By the time enumeration period arrived a few days ago, the Quebec Director-General of Elections had recruited more than 20 Eeyouch enumerators to walk into our homes in order to register the population for the Sept. 12 provincial elections.

An honourable mission, one might say, but yes, there is also a disturbing side to this rather determined courtship—this time more than any other.

So, as I observed the phenomenon, I couldn’t help but wonder how we sometimes so cruelly lack consistency in politics. If we are indeed a distinct nation, a people (Eeyou), then why are we participating with such hopeless submissiveness in another nation’s electoral process?

Yet, as statistics have shown, a constant one-quarter of the Cree voting population do effectively exercize a privilege they only obtained some 25 years ago (1969), which is to say the least a mystifying thing for me. How does one grasp the nature of this defying act (I’m exaggerating)? And what significance should we lend to this phenomenon?

Non-participation of Indigenous Peoples in federal or provincial elections has become, over the years, an understood and widely accepted principle. There is a political motive behind the position; that of being distinct nations, searching for a recognition of our own government. I can of course, as a fairly liberal person, truly respect those 26 per cent among the Cree Nation who chose to participate in the 1989 provincial elections, as well as the 24 per cent who voted in the referendum on the Charlottetown Accord. But allow me to remain bewildered.

Whether it’s 26, 24 or 99 percent, governments we all know too well by now have an unscrupulous tendency to remain oh! how inattentive and unheeding toward Indigenous Peoples anyway. That is why I think there’s something pathetically pathetic about all this.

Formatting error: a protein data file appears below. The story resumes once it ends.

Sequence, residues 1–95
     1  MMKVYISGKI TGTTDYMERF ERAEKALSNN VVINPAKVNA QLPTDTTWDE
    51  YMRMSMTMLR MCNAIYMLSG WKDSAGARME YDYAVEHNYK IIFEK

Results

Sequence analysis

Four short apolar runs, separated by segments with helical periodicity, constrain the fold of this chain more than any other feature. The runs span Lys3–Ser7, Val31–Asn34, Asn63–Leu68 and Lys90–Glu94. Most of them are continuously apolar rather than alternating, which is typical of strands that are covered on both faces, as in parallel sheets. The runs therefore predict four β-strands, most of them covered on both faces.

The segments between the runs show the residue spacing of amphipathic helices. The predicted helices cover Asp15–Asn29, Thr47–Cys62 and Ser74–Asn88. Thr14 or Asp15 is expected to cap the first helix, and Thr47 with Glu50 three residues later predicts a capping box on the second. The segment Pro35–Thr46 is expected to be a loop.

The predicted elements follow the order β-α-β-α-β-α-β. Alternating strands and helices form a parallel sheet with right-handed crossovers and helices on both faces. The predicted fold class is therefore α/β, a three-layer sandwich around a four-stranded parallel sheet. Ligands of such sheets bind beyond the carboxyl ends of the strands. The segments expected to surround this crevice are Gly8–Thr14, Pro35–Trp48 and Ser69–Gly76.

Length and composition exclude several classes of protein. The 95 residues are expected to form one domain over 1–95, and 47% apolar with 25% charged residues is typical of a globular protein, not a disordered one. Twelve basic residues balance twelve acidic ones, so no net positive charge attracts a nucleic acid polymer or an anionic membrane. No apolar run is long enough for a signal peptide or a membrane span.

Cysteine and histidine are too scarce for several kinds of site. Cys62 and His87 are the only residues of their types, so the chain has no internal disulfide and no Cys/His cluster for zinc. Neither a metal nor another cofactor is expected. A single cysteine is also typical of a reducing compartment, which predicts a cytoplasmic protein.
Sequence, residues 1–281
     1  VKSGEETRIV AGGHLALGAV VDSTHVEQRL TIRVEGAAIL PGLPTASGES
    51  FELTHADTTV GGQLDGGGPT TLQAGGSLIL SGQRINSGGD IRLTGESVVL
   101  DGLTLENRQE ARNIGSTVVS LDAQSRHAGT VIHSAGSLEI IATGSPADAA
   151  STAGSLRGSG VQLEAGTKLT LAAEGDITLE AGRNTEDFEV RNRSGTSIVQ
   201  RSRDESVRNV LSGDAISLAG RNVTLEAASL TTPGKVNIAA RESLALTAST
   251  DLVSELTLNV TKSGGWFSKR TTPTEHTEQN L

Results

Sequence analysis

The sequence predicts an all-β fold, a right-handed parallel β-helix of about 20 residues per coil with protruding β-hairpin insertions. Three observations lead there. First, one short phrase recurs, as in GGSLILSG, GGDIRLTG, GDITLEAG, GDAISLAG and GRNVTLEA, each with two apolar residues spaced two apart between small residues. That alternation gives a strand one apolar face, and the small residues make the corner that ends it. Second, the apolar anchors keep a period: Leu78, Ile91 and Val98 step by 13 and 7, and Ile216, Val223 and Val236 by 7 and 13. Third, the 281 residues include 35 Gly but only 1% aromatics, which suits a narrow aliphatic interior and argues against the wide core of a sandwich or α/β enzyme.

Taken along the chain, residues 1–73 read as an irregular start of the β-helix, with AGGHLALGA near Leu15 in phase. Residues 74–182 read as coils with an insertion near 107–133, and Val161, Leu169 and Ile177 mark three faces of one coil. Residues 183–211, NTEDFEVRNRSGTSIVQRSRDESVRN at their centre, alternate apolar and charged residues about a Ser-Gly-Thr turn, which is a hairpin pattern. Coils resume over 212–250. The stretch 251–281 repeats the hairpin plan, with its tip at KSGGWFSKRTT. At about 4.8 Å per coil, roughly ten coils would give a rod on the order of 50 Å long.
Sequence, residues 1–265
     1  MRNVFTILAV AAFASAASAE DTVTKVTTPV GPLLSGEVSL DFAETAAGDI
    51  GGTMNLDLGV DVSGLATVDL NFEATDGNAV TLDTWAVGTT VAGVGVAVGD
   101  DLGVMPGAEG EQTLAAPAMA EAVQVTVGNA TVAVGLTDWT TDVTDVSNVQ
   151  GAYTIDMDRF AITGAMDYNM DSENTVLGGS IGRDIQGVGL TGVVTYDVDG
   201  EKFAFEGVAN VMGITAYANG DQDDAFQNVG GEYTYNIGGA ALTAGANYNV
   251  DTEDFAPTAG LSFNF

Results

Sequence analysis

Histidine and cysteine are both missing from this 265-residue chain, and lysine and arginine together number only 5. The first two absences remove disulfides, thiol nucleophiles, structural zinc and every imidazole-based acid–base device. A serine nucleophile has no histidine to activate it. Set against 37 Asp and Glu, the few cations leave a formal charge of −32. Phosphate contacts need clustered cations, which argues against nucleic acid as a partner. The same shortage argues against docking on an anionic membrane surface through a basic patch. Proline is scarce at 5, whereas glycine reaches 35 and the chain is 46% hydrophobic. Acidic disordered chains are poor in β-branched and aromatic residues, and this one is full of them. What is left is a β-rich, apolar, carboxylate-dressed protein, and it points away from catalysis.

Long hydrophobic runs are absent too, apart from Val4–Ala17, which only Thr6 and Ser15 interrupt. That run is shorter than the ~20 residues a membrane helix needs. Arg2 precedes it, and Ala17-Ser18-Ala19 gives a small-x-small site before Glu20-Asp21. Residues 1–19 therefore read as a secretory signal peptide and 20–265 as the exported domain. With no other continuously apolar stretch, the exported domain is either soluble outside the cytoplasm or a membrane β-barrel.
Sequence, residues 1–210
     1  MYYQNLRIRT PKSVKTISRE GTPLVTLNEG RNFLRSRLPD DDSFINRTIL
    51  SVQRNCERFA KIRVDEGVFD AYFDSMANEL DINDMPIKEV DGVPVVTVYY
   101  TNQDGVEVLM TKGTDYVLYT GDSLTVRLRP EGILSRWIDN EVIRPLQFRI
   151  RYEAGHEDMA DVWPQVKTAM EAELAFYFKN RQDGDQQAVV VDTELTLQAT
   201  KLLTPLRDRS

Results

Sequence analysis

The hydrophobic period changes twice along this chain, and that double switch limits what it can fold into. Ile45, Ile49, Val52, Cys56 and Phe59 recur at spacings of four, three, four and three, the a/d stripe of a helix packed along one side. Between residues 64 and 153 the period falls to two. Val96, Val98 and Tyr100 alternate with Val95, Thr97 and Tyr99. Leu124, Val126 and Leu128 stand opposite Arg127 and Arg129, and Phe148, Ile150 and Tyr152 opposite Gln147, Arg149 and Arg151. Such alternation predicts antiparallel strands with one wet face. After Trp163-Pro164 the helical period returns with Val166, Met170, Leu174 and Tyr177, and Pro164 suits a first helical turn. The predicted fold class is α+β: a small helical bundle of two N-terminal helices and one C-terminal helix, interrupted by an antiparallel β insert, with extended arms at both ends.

Of course, a political oversight of this kind could only benefit those who still hold colonialist, racist, 19th-century views about Indigenous Peoples and what we are. On the one hand, Lucien Bouchard is absolutely convinced that we aren’t “peoples,” and on the other, a new self-appointed patriot by the name of Richard Le Hir isn’t so sure we are “civilizations.”

Racism, whether direct and ugly such as Le Hir’s or subtle such as Bouchard’s, is still racism to me. And incidentally enough, these same individuals and their fellow separatists are likely to be, after Hydro-Quebec, our next most ferocious opponents.

As we enter, Cree and Quebecois, perhaps the most crucial moments of our respective histories, questions of participation and non-participation become fundamental for our own people, as the name of the game here is: the majority rules. We are in fact in a context where every move and action will be politically monitored and interpreted by our opponents. This alone should compel any Cree to think twice before voting on September 12. And one should at least attempt to understand that fora Nation like ours, participating in the up-com-ing provincial elections is exactly what it is: somewhat too “provincial” of an attitude.

And then again, the phenomenon is perhaps more deeply rooted than we think, and maybe the 25 percent rate of participation will persist this time around, despite all. In that case, should we take comfort in the fact that the colonizer and the colonized are old acquaintances after all?